New U.S. and Eurozone sanctions will eventually take its toll on Russia’s energy industry, potentially supporting Brent crude oil prices and related exchange traded fund in the long term.

The recent sanctions apply to the “sale, supply, transfer or export [of certain technologies]in connection with a project pertaining to deep sea drilling, arctic exploration or shale oil,” Financial Times reports.

So far, the restrictions have not weighed too heavily on the oil markets. The United States Brent Oil Fund (NYSEArca: BNO) has declined 5.4% over the past month and is down 5.1% year-to-date.

Brent crude oil futures are trading around $105.1 per barrel.

However, the ongoing uncertainty over the conflicts in eastern Ukraine and geopolitical uncertainty are supporting later-dated oil pricing.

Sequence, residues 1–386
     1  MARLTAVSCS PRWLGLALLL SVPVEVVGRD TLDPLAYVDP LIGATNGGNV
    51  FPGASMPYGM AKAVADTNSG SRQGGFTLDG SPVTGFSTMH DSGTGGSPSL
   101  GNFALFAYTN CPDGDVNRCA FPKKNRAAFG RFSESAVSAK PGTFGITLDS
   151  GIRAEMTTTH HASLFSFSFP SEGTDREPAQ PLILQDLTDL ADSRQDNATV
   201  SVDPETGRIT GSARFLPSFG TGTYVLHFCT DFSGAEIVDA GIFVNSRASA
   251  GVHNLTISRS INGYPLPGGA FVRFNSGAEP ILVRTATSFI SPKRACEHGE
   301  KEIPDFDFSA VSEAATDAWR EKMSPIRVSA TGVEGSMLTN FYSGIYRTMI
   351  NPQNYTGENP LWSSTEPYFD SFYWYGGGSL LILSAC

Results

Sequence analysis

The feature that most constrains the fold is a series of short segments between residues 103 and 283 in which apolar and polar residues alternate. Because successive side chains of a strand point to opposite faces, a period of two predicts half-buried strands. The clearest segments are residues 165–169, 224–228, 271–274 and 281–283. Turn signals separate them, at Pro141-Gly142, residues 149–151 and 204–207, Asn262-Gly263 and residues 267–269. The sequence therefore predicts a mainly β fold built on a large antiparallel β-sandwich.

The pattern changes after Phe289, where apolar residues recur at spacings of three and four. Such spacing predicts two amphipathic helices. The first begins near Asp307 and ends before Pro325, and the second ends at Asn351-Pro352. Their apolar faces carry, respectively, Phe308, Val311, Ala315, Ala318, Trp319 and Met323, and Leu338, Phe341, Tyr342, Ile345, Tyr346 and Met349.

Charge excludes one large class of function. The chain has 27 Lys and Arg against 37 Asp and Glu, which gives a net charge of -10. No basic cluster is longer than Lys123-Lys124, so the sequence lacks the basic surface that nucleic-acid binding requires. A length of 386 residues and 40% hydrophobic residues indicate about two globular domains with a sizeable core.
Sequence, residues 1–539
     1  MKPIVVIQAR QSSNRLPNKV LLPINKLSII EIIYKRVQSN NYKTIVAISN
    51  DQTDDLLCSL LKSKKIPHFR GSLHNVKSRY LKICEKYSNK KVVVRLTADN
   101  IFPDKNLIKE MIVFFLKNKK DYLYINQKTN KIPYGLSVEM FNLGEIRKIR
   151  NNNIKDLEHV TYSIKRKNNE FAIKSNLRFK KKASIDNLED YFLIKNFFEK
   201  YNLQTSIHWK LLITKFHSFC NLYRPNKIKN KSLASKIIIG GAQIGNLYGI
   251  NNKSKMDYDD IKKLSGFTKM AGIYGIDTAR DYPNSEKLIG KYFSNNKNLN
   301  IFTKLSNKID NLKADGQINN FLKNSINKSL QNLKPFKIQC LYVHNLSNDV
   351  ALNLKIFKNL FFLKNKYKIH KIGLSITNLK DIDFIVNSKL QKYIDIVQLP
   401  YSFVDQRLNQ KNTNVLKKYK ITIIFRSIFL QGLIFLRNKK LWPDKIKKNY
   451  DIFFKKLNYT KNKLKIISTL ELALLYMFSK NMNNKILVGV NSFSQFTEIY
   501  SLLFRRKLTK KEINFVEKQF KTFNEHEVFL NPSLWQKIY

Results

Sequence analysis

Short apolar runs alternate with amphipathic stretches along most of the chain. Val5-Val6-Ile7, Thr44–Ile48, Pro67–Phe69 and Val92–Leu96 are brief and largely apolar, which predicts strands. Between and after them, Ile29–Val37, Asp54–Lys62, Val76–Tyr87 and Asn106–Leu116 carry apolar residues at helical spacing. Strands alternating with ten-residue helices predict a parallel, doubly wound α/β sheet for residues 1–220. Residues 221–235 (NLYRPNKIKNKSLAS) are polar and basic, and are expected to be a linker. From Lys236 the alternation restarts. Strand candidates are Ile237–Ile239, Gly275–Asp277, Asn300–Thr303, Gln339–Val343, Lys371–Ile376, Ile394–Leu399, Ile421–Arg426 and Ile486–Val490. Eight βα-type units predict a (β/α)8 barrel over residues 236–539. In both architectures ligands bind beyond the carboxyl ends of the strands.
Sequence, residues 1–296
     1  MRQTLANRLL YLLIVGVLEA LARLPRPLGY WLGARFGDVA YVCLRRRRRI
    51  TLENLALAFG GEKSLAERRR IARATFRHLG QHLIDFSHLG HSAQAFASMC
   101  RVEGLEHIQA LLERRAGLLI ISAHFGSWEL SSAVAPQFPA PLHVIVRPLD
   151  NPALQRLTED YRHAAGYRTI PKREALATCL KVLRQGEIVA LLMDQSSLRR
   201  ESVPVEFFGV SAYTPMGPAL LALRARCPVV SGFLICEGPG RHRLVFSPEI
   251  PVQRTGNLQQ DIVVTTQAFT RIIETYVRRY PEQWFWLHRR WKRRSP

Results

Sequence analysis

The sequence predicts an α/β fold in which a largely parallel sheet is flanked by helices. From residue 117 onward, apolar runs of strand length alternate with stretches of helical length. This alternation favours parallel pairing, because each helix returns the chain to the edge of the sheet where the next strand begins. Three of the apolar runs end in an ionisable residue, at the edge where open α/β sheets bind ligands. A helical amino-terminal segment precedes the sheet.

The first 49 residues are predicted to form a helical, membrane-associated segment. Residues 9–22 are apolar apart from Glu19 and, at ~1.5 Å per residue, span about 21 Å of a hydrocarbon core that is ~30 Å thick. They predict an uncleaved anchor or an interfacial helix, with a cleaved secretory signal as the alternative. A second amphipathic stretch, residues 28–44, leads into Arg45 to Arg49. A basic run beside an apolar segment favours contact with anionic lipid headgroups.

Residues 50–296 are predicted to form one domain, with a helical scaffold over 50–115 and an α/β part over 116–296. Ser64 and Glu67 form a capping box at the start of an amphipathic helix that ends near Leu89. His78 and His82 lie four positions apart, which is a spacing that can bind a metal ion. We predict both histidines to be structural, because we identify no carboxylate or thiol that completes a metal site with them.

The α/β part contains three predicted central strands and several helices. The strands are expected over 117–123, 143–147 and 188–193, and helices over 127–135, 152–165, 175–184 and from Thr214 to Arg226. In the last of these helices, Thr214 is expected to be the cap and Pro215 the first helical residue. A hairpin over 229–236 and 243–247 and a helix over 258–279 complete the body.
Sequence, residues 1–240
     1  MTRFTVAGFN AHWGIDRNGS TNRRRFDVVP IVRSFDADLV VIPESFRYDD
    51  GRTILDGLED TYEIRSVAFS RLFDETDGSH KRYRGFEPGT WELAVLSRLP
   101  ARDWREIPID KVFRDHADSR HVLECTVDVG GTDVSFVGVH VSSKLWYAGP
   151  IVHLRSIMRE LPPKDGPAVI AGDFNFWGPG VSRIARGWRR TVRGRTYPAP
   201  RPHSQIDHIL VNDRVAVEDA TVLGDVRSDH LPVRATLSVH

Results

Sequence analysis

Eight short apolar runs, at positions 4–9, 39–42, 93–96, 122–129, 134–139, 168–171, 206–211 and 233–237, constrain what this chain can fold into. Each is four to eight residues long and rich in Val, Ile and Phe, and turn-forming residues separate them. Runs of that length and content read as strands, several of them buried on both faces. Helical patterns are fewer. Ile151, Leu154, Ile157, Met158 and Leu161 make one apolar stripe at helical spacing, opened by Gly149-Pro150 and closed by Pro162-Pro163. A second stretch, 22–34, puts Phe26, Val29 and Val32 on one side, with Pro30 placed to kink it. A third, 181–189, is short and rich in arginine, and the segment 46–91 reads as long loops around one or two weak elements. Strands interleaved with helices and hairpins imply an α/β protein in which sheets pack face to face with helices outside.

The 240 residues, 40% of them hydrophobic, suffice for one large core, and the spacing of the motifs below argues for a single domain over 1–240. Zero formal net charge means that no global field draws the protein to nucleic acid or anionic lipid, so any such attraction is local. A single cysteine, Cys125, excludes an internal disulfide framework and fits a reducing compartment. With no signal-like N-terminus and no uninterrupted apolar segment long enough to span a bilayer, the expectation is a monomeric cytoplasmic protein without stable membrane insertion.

“On a one-year rear view, we note that the price of one-month Brent oil is little changed, whilst the longest dated futures contract price has increased over $11 a barrel or 13 per cent,” JPMorgan analysts said in a note. “This is an extraordinarily large movement at the tail of the curve . . . it strongly implies a material shift in expectations about the availability of supply and the marginal production cost that will clear the market in the future.”

The analysts argue that the sanctions against Russia are providing further support, along with lower long-term OPEC supply expectations due to escalating violence in Iraq and volatility in Libya. [After Sell-Off, Commodity ETFs Could Turn Around]

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